Giving the selected parameter or parameters greater weights, and thus greater importance when generating the composition of batches of feed material, may be an alternative in case of temporary problems that may occur in the installation. You can imagine a situation in which there was a temporary but significant drop in process efficiency. In such a case, the operator may temporarily increase the weight of the calorific value. The algorithm will then select ingredients in a way that favors this parameter.

The tool has ability to improve the handling of loading procedures by preserving data generated for each waste portion and creating detailed reports based on this data. Application users can obtain a report that provides guidance on the proportion of input materials within a specific time frame. By knowing the loading frequency at a given facility, the application can generate loading schedules for batches of feedstock per day, per week, etc. While wider ranges may not be particularly relevant due to the dynamic nature of waste incineration, they can still be demonstrated when necessary.

3. Results and Discussion

The results of the simulations are presented in the context of the stability and quality, and checking the functionality enabling the use of weights for the selected parameter.

3.1. Results of the Simulations—Stability of the Solution

It was assumed that subsequent portions of the feed material might be generated, each weighing 100 kg. The view of the application window during one of the tests is shown in Figure 2.
Table 2 lists the results of ten simulations involving determining the mass of a portion of the input material (100 kg) and selecting waste to be used to create a portion of the input material. A weight of 1 was used for each of the parameters considered. This is an initial assumption, which aims to check the quality of solutions for the case of unified significance of the parameters. This simulation allows for assessing the stability of the solution.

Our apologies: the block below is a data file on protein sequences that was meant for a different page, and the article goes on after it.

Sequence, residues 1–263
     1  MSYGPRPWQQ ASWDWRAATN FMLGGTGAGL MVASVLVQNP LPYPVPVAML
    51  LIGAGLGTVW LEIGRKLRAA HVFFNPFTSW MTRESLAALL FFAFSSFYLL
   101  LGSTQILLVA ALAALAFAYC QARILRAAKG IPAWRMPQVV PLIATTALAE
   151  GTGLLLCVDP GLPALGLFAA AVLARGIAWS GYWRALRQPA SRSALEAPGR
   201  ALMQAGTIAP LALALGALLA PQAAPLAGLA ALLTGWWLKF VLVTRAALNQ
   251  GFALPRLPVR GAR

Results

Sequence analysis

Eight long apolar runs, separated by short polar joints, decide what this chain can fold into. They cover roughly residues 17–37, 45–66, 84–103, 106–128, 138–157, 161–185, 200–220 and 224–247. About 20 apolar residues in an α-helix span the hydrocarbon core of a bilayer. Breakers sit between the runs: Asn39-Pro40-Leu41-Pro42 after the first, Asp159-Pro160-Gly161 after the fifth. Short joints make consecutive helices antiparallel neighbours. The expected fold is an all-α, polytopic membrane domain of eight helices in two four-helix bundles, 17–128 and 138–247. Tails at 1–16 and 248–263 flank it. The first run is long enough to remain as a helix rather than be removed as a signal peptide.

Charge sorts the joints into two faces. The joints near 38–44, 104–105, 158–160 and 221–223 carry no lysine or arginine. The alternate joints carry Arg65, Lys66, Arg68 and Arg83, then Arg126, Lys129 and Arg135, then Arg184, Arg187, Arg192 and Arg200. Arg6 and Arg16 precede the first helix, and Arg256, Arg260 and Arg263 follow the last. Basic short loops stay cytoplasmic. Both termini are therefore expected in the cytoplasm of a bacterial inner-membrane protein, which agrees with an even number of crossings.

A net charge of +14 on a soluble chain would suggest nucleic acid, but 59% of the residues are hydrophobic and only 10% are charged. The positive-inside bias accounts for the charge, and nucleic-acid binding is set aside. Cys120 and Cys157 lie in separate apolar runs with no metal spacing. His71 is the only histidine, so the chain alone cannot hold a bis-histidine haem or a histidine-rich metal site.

The obtained results indicate compliance with the adopted ranges. Simulation 1 may serve as an example. In this case, the following properties of the mixture are obtained: calorific value 15.52 MJ/kg, pH 7.53, content of selected basic salts 5.7%, content of chlorine 2.1% and content of halogens 0.97%. In all conducted tests, the parameters of the acquired mixture are within the specified parameter ranges, most of them with a significant margin of error. The results obtained are stable and consistent with established guidelines.

3.2. Results of the Conducted Simulations—Introduction of Parameter Weights

Figure 3 shows the results after introducing a higher weight for one of the parameters, here: calorific value, which was given a weight of 5. In this case, the results will show the quality of the solution with the preferred parameter. The given simulations had the same input data, i.e., the mass of a portion of the input material (100 kg) and the types of waste selected for the mixture, such as simulations with unified weights, testing the stability of the results.
Table 3 summarizes the results of ten simulations (Mixture 2) performed for the same conditions, except for the weight of one of the parameters, as in the previous test campaign. For comparison, previously obtained results were also presented.